I love Skagit River Brewing, they are one of the most consistent breweries in Washington state and make some of my favorite beers, particularly IPA’s. A trip there in 2013 brought some excitement for me as there were a couple of beers on their tap list that I had not tried, particularly the 404 IPA. A new IPA, I am game. The 404 IPA is actually more of an imperial pilsner than an IPA (or at least should have been), but, having had a couple imperial pilsners that I loved, I decided that this was worth having.
The beer pours very pale yellow in color with light notes of grain, virtually no hop character and not much else. It didn’t get any better when I started drinking it – the beer has virtually IPA character with just a touch of hop bitterness to remind you that there are actually hops in this beer, but that is almost completely overwhelmed by the pilsner yeast just about immediately. The beer has just the one pilsner note, fades quickly and really wasn’t all that interesting. It would have been a solid beer if it was advertised as just a pilsner, but it was a complete failure as an IPA.
Skagit River 404 IPA disappoints and fails to connect with 1 “404 Not Found” Errors out of 5. (Which makes me wonder if the name is an inside joke).
Just a sidebar to this story – Mrs. Iron Chef ordered the pilsner when I ordered the 404. Initially I thought the waitress switched the beers because mine seemed too light and Mrs. wasn’t happy with hers because she thought it was too hoppy. The waitress got the right beers to the right people and we ended up switching, I drank a nicely hopped pilsner and the Mrs. drank an IPA. That may be the only time in history that scenario will happen.
Reuben’s branches out into the world of pilsner in a collaboration with Airways Brewing, mixing in their signature use of Rye with a style that is known for mild, clean lines and flavors. Curious on what rye would do to pilsner; I had to give this beer a shot. It clocks in at a fairly mild 36 IBU and a light 5.0% ABV.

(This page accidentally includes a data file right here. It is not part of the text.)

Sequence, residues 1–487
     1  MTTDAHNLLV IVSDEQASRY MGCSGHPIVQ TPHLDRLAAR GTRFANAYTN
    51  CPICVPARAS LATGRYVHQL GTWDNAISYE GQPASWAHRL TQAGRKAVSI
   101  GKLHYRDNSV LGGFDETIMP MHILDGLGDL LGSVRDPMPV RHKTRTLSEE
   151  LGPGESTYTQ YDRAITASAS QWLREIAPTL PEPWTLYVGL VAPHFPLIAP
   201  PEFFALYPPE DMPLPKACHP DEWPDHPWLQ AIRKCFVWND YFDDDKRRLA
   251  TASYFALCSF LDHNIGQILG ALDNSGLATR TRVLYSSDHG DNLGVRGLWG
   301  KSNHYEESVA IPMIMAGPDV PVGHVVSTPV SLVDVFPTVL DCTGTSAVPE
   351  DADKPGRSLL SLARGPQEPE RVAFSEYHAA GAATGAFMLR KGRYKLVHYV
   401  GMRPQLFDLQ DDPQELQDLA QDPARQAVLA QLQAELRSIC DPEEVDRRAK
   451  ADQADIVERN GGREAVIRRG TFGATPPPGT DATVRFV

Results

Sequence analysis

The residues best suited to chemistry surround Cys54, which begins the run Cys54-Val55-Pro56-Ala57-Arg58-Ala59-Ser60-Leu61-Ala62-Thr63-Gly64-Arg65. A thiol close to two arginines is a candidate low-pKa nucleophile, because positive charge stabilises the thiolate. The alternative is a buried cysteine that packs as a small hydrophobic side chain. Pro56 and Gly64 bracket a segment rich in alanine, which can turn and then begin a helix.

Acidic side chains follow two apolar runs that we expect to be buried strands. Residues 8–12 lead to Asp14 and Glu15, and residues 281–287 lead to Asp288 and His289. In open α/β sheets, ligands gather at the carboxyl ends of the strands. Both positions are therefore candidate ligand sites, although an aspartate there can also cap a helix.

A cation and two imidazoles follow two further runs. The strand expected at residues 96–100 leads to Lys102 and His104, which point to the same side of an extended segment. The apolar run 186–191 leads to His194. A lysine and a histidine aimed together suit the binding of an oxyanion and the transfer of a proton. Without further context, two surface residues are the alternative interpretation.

Golden amber in color with an interesting nose – hints of rye are noticeable but the pilsner yeast notes and grain dominate this beer. Think of this beer as a pilsner with a bite. The beer starts out unremarkably mild before building into something that is unmistakably a pilsner – dry with noticeable grain and a pleasant crispness. Once you move beyond that, the beer gets really interesting – the rye notes slowly replace the pilsner flavor, transforming the beer into something more spicy and deep. The rye notes accentuate the crispness taking it to a much drier place and bringing out just a hint of the hop flavor. The rye finish is long and pleasant and just hints of the pilsner notes hang around with it. This is definitely a different beer – not sure if a pilsner drinker would appreciate it and I am not sure that a hop-head would recognize the mild complexity of the beer, but if you are looking for something different and a touch on the lighter side, this would be a good beer to give a shot.
I love pumpkin beers and there are a ton of them out on the market these days. Fall also brings us the annual pumpkin beer festival at Elysian Brewing, who seem to roll out somewhere around a dozen pumpkin beers themselves, with just a few making it into bottles. Hansel & Gretel is one that made it this year into the bottle. From the Elysian press release:
Brewed with organic pale, Weyermann Munich and Cara-Hell malts, with pumpkin added in the mash, kettle and fermenter. Spiced with fresh ginger and hopped with lots of Czech Saaz hops 4.5% ABV
This beer is unmistakably a pilsner – golden yellow in color with a fizzy white head. Initially you get a good amount of grain on the nose, but as you get closer, there are strong notes of ginger with a pumpkin background. The is initial sip is a strong hit of spicy ginger, like biting into a ginger snap cooking without the sugar, but it is so strong that your taste buds never fully recover from it. The ginger gives way to a distinct pumpkin flavor and it finishes just a bit sweet with a touch of spicy heat from the ginger. Any grain notes are completely overwhelmed by the ginger and there are no discernible hops on the nose or the palate. The spiciness is more pronounced as the beer warms and really overpowers everything else. There aren’t many pumpkin pilsners on the market so this beer has the potential to be a good one with more balance so you get more than a one note beer (and make pumpkin the star, not the ginger), but it is not quite there yet.